The beast from the east storm has swung into Sheffield once again, bringing heavy snow and disruption.
The temperature in Sheffield and other areas of South Yorkshire drops to -7, with cold winds and icy conditions present throughout the week.
Met Office issued an amber warning for snow and ice on Monday, which later changed to yellow, with the weather likely having some impact on the following days.
The conditions over the last couple of days caused some problems to people’s lives, including the closure of schools, traffic jams and disruption to some public transport services.
❄️ ❄️ ❄️ Snow is causing disruption to some services in #SouthYorkshire – search for your service in our homepage disruptions area to check if it’s affected. Follow our Traveline team @TSYalerts for the very latest updates too https://t.co/TDbLo7xfRo pic.twitter.com/c1WLwM9QDK
— Travel South Yorkshire (@TravelSYorks) February 9, 2021
James Ahmed, 27, NHS administrator says: ‘’It did not affect me massively, I stayed home on one of the days and managed to cope with my chores relatively well.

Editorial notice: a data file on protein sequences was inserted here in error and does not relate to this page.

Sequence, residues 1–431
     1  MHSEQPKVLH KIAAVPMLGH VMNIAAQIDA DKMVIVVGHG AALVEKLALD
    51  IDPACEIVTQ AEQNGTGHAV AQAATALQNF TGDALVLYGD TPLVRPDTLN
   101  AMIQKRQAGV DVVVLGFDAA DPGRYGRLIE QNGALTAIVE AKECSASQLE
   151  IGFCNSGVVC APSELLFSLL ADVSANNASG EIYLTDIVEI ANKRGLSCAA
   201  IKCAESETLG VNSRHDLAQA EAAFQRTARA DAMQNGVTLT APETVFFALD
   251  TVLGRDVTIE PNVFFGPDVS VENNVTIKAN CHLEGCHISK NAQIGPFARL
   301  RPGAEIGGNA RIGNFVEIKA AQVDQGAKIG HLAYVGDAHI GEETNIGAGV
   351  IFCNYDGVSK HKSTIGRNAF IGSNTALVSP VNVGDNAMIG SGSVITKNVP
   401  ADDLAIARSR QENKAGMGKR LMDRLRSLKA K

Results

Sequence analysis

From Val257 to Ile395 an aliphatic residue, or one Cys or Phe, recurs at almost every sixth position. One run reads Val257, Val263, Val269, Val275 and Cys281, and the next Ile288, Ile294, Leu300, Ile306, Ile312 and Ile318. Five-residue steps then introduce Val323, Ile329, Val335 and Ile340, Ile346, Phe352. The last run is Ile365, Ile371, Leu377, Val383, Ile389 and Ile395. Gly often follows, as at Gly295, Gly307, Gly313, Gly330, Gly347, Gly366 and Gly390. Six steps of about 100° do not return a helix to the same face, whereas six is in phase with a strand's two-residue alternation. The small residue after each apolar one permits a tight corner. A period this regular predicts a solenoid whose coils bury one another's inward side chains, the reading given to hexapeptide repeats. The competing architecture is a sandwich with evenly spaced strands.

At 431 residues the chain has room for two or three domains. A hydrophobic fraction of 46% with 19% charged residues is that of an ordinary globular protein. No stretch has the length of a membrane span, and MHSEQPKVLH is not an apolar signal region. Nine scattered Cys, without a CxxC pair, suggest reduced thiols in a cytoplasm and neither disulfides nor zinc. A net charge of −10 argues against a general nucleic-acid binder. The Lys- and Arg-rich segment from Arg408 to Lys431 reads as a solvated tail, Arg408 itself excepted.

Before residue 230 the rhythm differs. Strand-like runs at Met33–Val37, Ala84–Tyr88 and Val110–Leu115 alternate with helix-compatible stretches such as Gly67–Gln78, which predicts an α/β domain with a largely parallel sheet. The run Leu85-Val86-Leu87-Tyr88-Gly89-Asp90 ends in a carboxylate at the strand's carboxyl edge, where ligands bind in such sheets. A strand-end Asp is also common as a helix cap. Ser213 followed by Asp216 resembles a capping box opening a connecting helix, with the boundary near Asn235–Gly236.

‘’I needed to put the heating on more, but we normally get a cold snap around this time of year, so I am used to it.’’
Moreover, the weather could lead to a disruption on the distribution of Covid-19 vaccines, with Sheffield Hospitals issuing a statement asking people not to travel to the vaccination hub if feeling unsafe.
Sheffield Arena Covid-19 vaccinations going ahead.
COVID-19 vaccination appointments are still going ahead today at Sheffield Arena. However we do not want anyone to put themselves at risk if they feel it is not safe to travel due to the snow…
— Sheffield Hospitals (@SheffieldHosp) February 8, 2021
However, later the Hospitals confirmed that the weather did not have a significant impact on the vaccination: ‘’We had very few people who did not turn up. The tiny number who were not able to come have been re-booked and so there is no detrimental impact on them.’’
There were also positive aspects of unusual conditions. Children in the parks with their parents building snowmen, students sliding form the hills – all of that provided a needed break from the lockdown routine.
Mr Ahmed says: ‘’It made the lockdown easier if anything, snow is nice to look at and you can have some fun in it, next-door neighbours children made snowmen and were enjoying themselves.’’
Despite all the problems, freezing winds coming from the East are not expected to be as impactful as in 2018, when snow was reaching four inches deep and the coldest day of March in history was recorded. The weather will continue to be cold and dry, but the conditions will not be as extreme.